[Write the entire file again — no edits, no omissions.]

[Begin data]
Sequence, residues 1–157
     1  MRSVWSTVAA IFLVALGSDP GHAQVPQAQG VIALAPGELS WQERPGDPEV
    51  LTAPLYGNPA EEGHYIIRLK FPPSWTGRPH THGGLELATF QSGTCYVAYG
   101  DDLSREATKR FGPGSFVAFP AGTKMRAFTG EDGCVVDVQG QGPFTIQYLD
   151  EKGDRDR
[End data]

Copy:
Sequence, residues 1–157
     1  MRSVWSTVAA IFLVALGSDP GHAQVPQAQG VIALAPGELS WQERPGDPEV
    51  LTAPLYGNPA EEGHYIIRLK FPPSWTGRPH THGGLELATF QSGTCYVAYG
   101  DDLSREATKR FGPGSFVAFP AGTKMRAFTG EDGCVVDVQG QGPFTIQYLD
   151  EKGDRDR